No late calls, fewer Friday meetings as consultants tackle stress

Stress is the latest front in the corporate America’s response to the pandemic. After sending workers home in droves more than three months ago, many employers are now hesitant to bring them back to the office as parts of the US see a resurgence in COVID-19 cases. With restaurants, shops, gyms and entertainment venues still shuttered or offering limited service across the country, many employees are working longer hours and feeling greater stress.

Temporary desks

In some ways, Accenture was prepared for the pandemic. The firm’s consultants are often on the road as many as four days a week, and the company has no formal operating headquarters. It also was an early adopter of “hotelling,” with no permanent desks or offices assigned to employees.

It’s not like we’re working from home — it’s that we’re living in the office. We do need to be very careful about people burning out.

Accenture’s Jack Azagury

That meant the company was already running many of its operations digitally. It’s the largest corporate user of Microsoft Teams, with Accenture’s audio usage within the teleconferencing app nearly tripling to almost 1 billion minutes a month since the pandemic began.

Azagury said he’s working with his staff to craft reopening plans for offices in his territory later this summer. The firm plans to initially authorise a return for only those workers with jobs that require them to be on site, such as working on a client project that needs a physical presence.

“As complex as the work-from-home move was, the return back is as complex if not more complex,” Azagury said. “There are more permutations and more uncertainty. When we went to work from home, there was a date and we all did it. Here there’s a question about when and how much.”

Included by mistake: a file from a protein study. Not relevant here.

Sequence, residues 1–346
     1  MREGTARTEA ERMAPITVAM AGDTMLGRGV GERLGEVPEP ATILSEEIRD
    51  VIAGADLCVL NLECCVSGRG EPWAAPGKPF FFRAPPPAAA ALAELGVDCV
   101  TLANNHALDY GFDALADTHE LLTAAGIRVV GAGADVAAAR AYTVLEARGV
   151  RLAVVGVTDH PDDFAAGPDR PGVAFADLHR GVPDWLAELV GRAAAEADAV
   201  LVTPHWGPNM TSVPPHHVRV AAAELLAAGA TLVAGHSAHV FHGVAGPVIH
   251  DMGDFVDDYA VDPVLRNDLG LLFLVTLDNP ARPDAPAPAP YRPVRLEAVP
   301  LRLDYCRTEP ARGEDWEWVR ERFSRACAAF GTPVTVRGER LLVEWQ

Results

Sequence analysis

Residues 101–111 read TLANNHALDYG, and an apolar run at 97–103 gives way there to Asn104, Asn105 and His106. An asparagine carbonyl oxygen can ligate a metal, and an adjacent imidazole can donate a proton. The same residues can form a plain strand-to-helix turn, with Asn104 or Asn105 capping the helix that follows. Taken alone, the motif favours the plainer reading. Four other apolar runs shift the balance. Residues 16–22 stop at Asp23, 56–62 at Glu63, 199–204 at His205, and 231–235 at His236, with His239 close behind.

Booking offices

The firm is planning to make changes to kitchens and common areas to control the flow of people and ensure social-distancing guidelines are followed. With hotelling, employees have grown accustomed to using Accenture software to book an office for specific times of the day based on their schedule. With the new guidelines, changes will be made to that system, Azagury said.

“You’ll have to reserve to go in,” he said. “But even if you only need the office for four hours, that office is booked for the day” to ensure it’s cleaned after each use.


Even as Accenture prepares to bring employees back, it’s trying to help those working from home deal with the stress that can accompany such arrangements. The firm is offering employees access to Headspace, the meditation app, for example.

Accenture doesn’t expect permanent changes to its real estate footprint. In New York, it still plans to take over the top eight floors of One Manhattan West in Hudson Yards.

“The need for in-person interaction is still there — there’s still things that are just better done in person, like getting up on a white board and brainstorming with the group,” Azagury said. Still, “people will have more flexibility to work in different places and at home if they need to.”


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